26 September 2018 – 9:00 AM
Jonny Rutqvist Lawrence Berkeley National Laboratory, USA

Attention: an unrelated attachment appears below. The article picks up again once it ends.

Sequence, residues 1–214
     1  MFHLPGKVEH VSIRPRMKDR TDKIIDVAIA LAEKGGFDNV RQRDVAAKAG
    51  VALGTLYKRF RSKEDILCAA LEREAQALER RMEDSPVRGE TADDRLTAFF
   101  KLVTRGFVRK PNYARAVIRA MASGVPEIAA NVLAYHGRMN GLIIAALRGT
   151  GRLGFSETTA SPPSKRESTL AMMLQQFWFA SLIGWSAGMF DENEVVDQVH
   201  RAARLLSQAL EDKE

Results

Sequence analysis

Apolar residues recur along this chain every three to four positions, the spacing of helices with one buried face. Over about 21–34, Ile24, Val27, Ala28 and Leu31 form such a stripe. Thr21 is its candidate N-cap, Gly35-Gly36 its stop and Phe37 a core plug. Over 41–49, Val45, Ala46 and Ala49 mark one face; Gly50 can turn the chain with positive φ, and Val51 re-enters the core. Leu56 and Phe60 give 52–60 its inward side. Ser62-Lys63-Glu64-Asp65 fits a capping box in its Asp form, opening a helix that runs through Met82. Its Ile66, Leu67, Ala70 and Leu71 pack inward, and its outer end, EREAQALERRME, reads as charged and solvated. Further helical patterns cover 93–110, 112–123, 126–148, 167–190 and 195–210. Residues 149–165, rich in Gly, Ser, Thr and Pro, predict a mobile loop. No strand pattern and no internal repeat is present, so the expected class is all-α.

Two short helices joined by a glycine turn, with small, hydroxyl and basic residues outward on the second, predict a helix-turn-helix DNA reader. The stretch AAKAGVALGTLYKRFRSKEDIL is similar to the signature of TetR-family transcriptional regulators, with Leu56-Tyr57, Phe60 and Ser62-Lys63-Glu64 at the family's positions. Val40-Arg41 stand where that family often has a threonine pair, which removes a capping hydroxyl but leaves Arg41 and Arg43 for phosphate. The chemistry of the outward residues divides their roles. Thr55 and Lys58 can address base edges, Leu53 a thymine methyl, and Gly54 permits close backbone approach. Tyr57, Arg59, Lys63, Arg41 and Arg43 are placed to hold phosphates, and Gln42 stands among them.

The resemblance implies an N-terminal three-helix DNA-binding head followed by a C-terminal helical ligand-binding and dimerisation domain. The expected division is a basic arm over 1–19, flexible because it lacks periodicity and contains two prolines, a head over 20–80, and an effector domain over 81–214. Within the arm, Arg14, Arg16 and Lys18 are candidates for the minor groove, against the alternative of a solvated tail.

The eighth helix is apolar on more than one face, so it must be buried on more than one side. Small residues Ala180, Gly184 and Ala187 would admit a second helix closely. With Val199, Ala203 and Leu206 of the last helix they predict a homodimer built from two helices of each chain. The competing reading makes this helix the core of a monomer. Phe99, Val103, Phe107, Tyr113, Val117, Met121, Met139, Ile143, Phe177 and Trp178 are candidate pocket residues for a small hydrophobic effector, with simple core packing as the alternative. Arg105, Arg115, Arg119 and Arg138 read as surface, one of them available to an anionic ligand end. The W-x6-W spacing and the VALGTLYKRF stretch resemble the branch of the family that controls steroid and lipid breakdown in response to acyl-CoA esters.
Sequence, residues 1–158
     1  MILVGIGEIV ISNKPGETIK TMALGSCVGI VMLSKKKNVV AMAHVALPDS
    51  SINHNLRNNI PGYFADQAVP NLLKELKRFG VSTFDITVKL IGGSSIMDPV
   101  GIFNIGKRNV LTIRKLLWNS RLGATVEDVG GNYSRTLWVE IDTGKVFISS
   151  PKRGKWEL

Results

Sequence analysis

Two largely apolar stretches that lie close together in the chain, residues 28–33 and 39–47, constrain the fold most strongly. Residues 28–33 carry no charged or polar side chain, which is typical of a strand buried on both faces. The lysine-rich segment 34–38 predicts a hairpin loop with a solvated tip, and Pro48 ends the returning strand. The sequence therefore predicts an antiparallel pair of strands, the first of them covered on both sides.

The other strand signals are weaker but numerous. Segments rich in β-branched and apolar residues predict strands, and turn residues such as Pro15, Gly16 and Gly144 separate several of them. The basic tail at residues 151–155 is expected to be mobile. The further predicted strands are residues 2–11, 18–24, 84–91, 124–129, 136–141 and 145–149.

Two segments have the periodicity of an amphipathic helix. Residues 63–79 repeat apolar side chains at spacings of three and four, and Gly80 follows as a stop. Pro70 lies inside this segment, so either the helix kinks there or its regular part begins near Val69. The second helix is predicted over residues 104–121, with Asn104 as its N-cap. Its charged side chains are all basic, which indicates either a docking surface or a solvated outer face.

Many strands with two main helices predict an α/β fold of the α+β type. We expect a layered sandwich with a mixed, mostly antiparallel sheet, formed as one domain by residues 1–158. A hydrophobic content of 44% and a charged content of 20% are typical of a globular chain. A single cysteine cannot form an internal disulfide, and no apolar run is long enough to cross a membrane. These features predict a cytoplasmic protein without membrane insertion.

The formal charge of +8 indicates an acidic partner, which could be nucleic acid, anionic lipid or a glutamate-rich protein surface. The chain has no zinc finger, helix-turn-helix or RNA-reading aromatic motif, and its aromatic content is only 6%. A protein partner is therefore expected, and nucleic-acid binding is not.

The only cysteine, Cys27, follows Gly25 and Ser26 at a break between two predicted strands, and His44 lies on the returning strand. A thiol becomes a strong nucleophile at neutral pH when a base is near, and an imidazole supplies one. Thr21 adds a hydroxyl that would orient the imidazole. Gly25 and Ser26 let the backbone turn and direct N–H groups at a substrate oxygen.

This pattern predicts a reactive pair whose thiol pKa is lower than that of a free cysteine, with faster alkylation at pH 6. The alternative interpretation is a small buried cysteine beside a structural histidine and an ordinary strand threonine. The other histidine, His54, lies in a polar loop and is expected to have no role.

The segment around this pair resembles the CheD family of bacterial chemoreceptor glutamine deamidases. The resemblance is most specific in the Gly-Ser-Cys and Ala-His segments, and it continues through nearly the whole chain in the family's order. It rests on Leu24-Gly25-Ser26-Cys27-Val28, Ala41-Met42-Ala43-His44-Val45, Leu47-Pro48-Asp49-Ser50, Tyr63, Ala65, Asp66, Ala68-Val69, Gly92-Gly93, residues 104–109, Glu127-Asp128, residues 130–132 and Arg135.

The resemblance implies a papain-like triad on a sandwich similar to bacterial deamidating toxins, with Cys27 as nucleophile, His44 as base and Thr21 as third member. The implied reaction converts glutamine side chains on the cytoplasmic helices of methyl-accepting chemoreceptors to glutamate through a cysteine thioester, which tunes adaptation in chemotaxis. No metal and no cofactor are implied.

The potential for activating faults associated with geologic carbon sequestration is currently receiving increased attention among CO2 sequestration stakeholders as an issue of concern both related to induced seismicity and CO2 leakage. In the light of these concerns, findings from recent modeling studies and field observations are summarized with emphasis on CO2 injection and storage in deep sedimentary formations. The model simulations demonstrate the importance of the in situ stress field (magnitude and orientation) and injection location relative to the fault, as well as the critical importance of fault properties. It is shown that a seismic event large enough to be felt by humans requires a brittle fault with kilometer sized continuous permeability that allows for pressurization of a sufficiently large fault patch before rupture. Heterogeneous fault properties which are commonly encountered in faults intersecting multilayered shale/sandstone sequences effectively reduce the likelihood of inducing felt seismicity and also effectively impede upward CO2 leakage. A number of simulations show that even a sizable seismic event that could be felt may not be capable of opening a new permeable flow path across an overlying caprock and is very unlikely to cross a system of multiple overlying caprock units. These modeling studies and an increasing number of field observations correlating deep fluid injection with induced seismicity, show the importance of the site investigation to characterize in situ stress and rock properties. It may be critical to avoid brittle rock such as crystalline basement or sites in hard and brittle sedimentary sequences that are more prone to injection-induced seismicity and permanent damage.